travel-route
FILM & TV

WRAP PARTY FOR BAREFOOT TRAVEL DOCUMENTARY

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After a three month filming schedule blew out to a six month affair, the Barefoot Travel team were happy to be back on home soil after an epic cross country cycling adventure through India. It’s not easy to put together an independent documentary, so as the doco moves into post production, the crew felt they needed to blow off some steam and celebrate their achievements thus far.

The Wrap party was an amazing night, held at a private venue in Morningside. Will and Tom were almost unrecognizable compared to the day they arrived back in Brisbane, after getting the royal treatment from local Brisbane hairdressers Unsurpassable Hair and Make-up. Will said to our reporter on the scene that although he was happy to have a hot shower and warm bed, he missed his new friends in India and was keen to go back as soon as possible.

With hours upon hours of footage recorded during the six month period, the massive job of putting together a 23 minute final cut lies ahead. The whole crew remained optimistic about the task at hand. “We’ve got some really great footage, and there is a lot more than we expected so I’m sure we’ll all be happy with the end result” Tom said. “Hopefully it will be ready for next year’s round of festivals.”

Sounds like they might be aiming for Antenna Festival! If you’re not familiar with the story jump over to their website and check out the introductory trailer and webisodes already live, or read the synopsis below.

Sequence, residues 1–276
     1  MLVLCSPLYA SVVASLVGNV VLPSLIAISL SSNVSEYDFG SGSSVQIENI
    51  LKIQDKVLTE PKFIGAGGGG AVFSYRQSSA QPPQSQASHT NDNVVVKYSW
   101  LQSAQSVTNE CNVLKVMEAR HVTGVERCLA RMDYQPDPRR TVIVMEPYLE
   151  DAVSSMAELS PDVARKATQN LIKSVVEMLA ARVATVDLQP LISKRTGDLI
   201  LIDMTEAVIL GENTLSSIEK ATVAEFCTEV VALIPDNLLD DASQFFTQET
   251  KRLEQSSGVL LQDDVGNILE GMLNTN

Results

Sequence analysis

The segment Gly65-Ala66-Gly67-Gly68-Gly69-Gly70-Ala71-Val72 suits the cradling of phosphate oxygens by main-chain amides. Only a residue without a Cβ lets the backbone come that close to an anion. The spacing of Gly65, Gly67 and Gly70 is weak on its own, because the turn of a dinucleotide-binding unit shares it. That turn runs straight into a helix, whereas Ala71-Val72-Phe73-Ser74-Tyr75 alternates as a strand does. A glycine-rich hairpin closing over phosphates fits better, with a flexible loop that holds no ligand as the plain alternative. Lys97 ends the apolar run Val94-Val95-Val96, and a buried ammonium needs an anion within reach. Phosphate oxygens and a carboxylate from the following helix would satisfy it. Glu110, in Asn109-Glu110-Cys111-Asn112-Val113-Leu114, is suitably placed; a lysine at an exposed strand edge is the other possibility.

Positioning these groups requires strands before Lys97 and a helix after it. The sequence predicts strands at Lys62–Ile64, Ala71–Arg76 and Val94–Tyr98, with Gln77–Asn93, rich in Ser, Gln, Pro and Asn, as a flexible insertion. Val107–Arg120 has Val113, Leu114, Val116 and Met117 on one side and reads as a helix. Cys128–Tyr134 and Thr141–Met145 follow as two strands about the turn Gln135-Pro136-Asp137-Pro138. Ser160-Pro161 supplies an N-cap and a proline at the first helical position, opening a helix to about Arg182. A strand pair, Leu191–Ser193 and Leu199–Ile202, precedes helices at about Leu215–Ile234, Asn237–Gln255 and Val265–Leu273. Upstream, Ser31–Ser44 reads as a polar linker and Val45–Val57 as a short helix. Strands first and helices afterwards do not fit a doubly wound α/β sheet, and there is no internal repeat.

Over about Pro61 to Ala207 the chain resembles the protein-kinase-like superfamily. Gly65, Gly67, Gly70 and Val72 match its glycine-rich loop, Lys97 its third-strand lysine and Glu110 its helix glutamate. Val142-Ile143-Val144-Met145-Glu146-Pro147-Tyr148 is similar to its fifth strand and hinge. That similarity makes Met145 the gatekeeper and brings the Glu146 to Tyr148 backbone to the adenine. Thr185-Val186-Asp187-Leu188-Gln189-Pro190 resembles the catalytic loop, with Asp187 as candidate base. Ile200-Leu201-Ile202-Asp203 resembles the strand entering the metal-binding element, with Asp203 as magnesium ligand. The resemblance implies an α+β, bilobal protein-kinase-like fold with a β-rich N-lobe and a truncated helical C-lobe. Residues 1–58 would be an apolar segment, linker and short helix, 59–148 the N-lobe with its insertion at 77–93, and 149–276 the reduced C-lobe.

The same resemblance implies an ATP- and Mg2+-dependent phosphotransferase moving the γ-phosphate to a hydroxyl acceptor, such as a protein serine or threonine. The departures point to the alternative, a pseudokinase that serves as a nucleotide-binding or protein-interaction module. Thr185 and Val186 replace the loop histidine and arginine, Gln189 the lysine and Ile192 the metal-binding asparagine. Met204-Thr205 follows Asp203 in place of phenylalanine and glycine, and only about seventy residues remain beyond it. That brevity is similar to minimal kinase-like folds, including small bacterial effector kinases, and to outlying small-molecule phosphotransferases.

The Story 

Two high school friends are reunited after 10 years apart and embark on an eye-opening journey across India entirely on push-bikes.

On their travels across the unforgiving landscape they must offset all of their greenhouse gas emissions and leave an entirely positive environmental, economic, and cultural footprint. Questioning the ways we travel and the effect tourism has on the world, Contiki Conschmiki is a jovial and heart-warming journey for two young Australians as they battle against western actions influencing other cultures.

The Message

The film’s thematic ideas outline the idea of a greener and more sustainable world but at its core Contiki Conschmiki is a fun travel documentary that follows the two presenter’s trials and tribulations as they face the harsh challenges that come from a cross-country bike ride. They’re not working for fame or fortune, but in the hope that they may inspire today’s generation of backpackers to reconsider how they experience the world and what mark they’re leaving behind.